We plan to establish the first ever Interventional Radiology (IR) training program in Tanzania, where there is currently no formally trained Interventional Radiologist for a country of 60 Million people.
Our training program will provide a direct clinical service to the 50-100 Tanzanian patients treated during our 2 week trip, while at the same time provide hands-on training for the first generation of Tanzanian Interventional Radiologists.
The model of providing in-country longitudinal specialized training in Radiology is unique, and could be scaled to other LMIC countries. We plan to publish and disseminate widely our lessons learned.
We plan to send 10 US-based IR faculty each year, for 20 weeks of in-country training; for 3 consecutive years. We hope this will establish a core Interventional Radiology faculty in Tanzania, who will train the second cohort of Interventional Radiologists in Tanzania.
I am incredibly grateful for travel grant support from the Dox Foundation, which covered the full cost of my round-trip airfare from New York, USA to Dar es Salaam, Tanzania, East Africa. Like most
awesome things in life, the Foundation support was entirely serendipitous and coincidental to our own grassroots fundraising effort for the Tanzania Interventional Radiology Initiative! We were asking for $2,000 USD per US Interventional Radiology (IR) Faculty to cover airfare and housing costs for two weeks; to help us train the first generation of Interventional Radiologists in Tanzania. The support from the Dox Foundation allowed us in turn to support airfare costs for two IR nurses and one IR technologist, who were instrumental in helping us implement training of a multi-disciplinary IR team, from the very beginning. In short, support from Doximity has allowed us to pay it forward at least three-fold!
It takes a village to raise a child
We had a very successful launch of the Tanzania Interventional Radiology Initiative, which seeks to both train IR specialists and provide IR services within Tanzania for the very first time! Over three weeks (October 21st to November 9th, 2018) we rotated two full IR teams at the Muhimbili National Hospital (MNH) in Dar es Salaam, Tanzania; consisting of an IR physician, IR nurse and IR technologist. During this short period, we successfully performed 38 IR procedures at MNH without any major complications. IR procedures included percutaneous biliary drainage, percutaneous nephrostomy, percutaneous abscess drainage and core needle biopsies. We started the formal training of 7 Muhimbili University of Health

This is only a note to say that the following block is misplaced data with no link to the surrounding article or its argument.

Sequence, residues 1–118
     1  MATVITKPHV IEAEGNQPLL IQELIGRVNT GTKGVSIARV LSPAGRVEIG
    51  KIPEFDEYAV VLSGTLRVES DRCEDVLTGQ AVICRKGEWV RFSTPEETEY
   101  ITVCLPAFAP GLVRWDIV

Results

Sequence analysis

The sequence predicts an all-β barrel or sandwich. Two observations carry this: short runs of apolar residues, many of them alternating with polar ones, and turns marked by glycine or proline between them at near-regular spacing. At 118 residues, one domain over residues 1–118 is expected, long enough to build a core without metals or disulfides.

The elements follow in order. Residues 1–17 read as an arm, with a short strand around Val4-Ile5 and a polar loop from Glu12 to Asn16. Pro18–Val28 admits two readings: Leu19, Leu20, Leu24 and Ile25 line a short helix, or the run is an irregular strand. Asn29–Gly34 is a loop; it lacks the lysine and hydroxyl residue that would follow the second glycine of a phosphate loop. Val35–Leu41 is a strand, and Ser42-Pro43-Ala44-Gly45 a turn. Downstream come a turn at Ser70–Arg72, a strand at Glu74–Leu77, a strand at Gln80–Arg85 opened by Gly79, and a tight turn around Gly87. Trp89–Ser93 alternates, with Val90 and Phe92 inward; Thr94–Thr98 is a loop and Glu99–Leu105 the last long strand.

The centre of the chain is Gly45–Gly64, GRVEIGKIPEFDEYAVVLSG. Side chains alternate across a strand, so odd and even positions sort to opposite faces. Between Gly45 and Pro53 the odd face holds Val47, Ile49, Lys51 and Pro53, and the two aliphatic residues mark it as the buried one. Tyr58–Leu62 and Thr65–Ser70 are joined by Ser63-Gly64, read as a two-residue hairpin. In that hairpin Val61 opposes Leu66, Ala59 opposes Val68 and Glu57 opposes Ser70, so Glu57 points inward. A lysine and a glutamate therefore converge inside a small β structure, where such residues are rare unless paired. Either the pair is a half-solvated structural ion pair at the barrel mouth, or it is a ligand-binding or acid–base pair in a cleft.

and Allied Sciences (MUHAS) radiology residents (3 senior and 4 junior residents), who are slowly being transformed into IR fellows! We also had several visiting Radiologists from other hospitals in Dar es Salaam, and from far away as Dodoma, who were keen to observe and learn about the IR procedures. As mentioned earlier, the training of Tanzanian IR nurses and IR technologists occurred simultaneously. Our most memorable patient was jaundiced and suffered from severe itching from accumulated bile, whose natural drainage was blocked by a surgically inoperable tumor. The next morning, following successful percutaneous biliary drainage (a first in the country!), our patient remarked gratefully that this was the first time he had been able to sleep in weeks without itching!
See one, Do One, Teach One
Adults (and perhaps children) learn best by and from role-modeling. We observe carefully what others do, then try to imitate them (See one, Do one). Once we master a skill, we have an opportunity to
replicate the learning process for others (Teach One). We intuitively understand this process for procedures and manual tasks, of which IR much like surgery is a prime example. However, teaching and
learning image-interpretation skills (diagnostic radiology) is no different! Our team included 9 Diagnostic Radiology Faculty and Residents from Yale, Dartmouth, Stanford and the West Haven VA Hospital, CT; who gave didactic lectures and workstation teaching sessions for two weeks, and also led an ultrasoundguided breast biopsy simulation session for MUHAS radiology residents. Dr. Timothy Rooney from Dartmouth, who also received generous travel support from the Dox Foundation, was instrumental in co-leading the Diagnostic Radiology teaching sessions for our trip.
There is no shortage of didactic radiology materials available online and offline; so why travel all the distance to Tanzania just to teach radiology, one might ask? The most valuable teaching moments
actually happened during the workstation teaching sessions – where MUHAS residents would both observe and practice image interpretation skills and reporting clinical cases while being mentored by our team of Faculty and Residents. Our Faculty and Residents often remarked how exciting and demanding it was to teach radiology in a different environment where many US-centric assumptions about trainees and local disease patterns were constantly challenged. Many of us come to Tanzania as teachers, and leave as renewed learners.
Did you notice that all three leaders on the podium in the photograph above are women? This is the present; but the future of Radiology in Tanzania is even more exciting, because 75% (24 of 32) of current
MUHAS radiology residents are also women! The implications of this exciting trend cannot be overstated, in terms of building the capacity to provide much needed radiology services for women and children in Tanzania. We are grateful for the opportunity to support radiology resident training, and be part of securing the future of Radiology in Tanzania. We applaud and once again thank the Dox Foundation for making this experience possible and for this amazing platform to share our experience!